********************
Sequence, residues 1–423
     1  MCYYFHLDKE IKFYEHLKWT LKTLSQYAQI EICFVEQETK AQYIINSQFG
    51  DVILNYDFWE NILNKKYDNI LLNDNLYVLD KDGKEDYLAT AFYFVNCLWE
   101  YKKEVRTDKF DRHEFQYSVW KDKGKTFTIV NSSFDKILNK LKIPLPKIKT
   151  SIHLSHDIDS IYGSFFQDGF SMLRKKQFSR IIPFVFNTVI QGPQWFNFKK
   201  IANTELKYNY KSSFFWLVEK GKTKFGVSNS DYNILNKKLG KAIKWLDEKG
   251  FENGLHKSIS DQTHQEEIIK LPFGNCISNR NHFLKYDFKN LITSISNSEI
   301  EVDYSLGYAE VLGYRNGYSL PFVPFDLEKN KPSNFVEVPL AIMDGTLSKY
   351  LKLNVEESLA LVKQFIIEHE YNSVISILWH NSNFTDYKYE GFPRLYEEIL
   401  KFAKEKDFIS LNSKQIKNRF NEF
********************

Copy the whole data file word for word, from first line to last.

Sequence, residues 1–423
     1  MCYYFHLDKE IKFYEHLKWT LKTLSQYAQI EICFVEQETK AQYIINSQFG
    51  DVILNYDFWE NILNKKYDNI LLNDNLYVLD KDGKEDYLAT AFYFVNCLWE
   101  YKKEVRTDKF DRHEFQYSVW KDKGKTFTIV NSSFDKILNK LKIPLPKIKT
   151  SIHLSHDIDS IYGSFFQDGF SMLRKKQFSR IIPFVFNTVI QGPQWFNFKK
   201  IANTELKYNY KSSFFWLVEK GKTKFGVSNS DYNILNKKLG KAIKWLDEKG
   251  FENGLHKSIS DQTHQEEIIK LPFGNCISNR NHFLKYDFKN LITSISNSEI
   301  EVDYSLGYAE VLGYRNGYSL PFVPFDLEKN KPSNFVEVPL AIMDGTLSKY
   351  LKLNVEESLA LVKQFIIEHE YNSVISILWH NSNFTDYKYE GFPRLYEEIL
   401  KFAKEKDFIS LNSKQIKNRF NEF